Maintaining the right balance

  • Published
  • By Maj. Stephen Esposito
  • 97th Communications Squadron commander
I pressed send on what feels like the one hundredth email today and glanced out my window to notice it is pitch black outside. That's funny; I don't remember Retreat sounding. I swivel my chair back around to my desk and finish up replying to another ten emails before heading home. When I get home my daughter just finished brushing her teeth and is going to bed.

Does it feel like you blink once and the day is already over? How can you find the right balance between the demands of work, the enjoyment of family and the fun off-duty time?

Many of us arrive at work early in the morning and don't return home until late in the evening. With tighter fiscal constraints and less manpower, many of us "extend" our work day to keep the work-seams from splitting apart. Often times we may overlook the fabric of our home life. Long days at work are required at times to complete the mission, but there are slower times when the mission gives time back to your day. I feel that finding these lull periods is the key to balancing your work and home life.

My daughter recently had a birthday. My wife and I decided to surprise her with a pizza during her school lunchtime. My daughter's lunch time fit nicely between two other meetings on the calendar. It was a little difficult to finish the first meeting, order the pizza, pick it up, make it to her school on-time, and ensure there was enough time to drive to the next meeting. When my daughter arrived in the lunchroom to see Mom and Dad with a pizza for lunch, it was pure magic. We only spent 25 minutes together eating pizza and talking about the finer points of fourth grade, but to this day, my daughter still talks about her surprise at school for her birthday.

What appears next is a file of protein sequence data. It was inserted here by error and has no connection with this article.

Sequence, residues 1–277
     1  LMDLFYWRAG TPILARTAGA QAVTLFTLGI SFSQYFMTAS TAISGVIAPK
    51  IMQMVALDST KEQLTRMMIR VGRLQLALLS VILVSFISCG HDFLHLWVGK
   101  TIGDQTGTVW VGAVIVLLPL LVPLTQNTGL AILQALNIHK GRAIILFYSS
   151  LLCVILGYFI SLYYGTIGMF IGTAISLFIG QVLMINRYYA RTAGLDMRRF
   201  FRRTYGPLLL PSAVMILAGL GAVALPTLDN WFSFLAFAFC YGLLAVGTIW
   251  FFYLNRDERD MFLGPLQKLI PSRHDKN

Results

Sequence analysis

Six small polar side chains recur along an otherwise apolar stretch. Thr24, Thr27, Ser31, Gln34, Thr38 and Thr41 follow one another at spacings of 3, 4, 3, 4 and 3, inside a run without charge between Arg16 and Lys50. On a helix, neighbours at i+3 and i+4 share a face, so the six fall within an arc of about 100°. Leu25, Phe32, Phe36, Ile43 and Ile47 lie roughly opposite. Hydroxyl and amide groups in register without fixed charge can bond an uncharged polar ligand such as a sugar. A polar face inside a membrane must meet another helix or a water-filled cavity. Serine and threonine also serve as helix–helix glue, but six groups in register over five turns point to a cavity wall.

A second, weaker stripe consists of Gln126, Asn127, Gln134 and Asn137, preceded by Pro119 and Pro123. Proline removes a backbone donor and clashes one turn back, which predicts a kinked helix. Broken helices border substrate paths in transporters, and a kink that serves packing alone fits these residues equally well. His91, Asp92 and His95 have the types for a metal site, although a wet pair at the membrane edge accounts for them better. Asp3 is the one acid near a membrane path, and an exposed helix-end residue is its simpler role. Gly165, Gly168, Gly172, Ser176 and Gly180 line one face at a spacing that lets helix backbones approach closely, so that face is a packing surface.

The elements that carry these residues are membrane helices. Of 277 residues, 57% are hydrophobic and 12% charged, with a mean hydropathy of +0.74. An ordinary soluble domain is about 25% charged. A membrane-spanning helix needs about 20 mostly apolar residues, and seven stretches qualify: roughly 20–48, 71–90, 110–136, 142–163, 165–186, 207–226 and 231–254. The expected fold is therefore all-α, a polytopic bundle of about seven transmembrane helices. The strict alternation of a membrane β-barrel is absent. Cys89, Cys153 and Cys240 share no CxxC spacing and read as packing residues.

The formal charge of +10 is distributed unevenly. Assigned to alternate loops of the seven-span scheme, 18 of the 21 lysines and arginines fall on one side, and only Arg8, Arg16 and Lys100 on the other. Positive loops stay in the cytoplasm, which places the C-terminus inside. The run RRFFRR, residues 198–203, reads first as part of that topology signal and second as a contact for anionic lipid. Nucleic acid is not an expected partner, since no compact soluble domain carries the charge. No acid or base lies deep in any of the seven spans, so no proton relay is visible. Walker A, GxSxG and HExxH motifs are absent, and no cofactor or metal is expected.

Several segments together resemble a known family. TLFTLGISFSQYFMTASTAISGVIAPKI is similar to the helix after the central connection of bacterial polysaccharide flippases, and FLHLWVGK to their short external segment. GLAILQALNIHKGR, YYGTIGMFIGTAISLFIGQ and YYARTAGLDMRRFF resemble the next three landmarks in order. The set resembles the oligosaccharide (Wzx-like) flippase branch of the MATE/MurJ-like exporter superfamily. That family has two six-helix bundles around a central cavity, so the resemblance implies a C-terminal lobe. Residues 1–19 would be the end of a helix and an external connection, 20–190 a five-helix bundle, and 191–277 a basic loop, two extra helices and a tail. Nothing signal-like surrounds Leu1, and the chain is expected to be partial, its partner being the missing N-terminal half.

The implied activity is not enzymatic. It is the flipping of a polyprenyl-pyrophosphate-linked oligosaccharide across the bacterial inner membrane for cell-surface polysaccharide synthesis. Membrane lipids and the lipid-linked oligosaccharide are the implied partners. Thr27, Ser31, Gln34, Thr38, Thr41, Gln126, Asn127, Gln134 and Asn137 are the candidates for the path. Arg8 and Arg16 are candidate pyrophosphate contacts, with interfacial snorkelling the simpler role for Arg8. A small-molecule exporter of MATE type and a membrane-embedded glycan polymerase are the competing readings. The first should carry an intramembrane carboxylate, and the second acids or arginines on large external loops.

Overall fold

Sometimes it is difficult to find those opportunities where home and work can be successfully intertwined. The opportunities are there; sometimes you need to look a little closer. No matter how much you "catch up" at work or at home there will always be more to accomplish. Try to find a way to give time to your work mission and your home life.

As a closing thought to help you find this balance, I'll paraphrase Dr. Richard Carlson, that even when you die, your inbox won't be empty.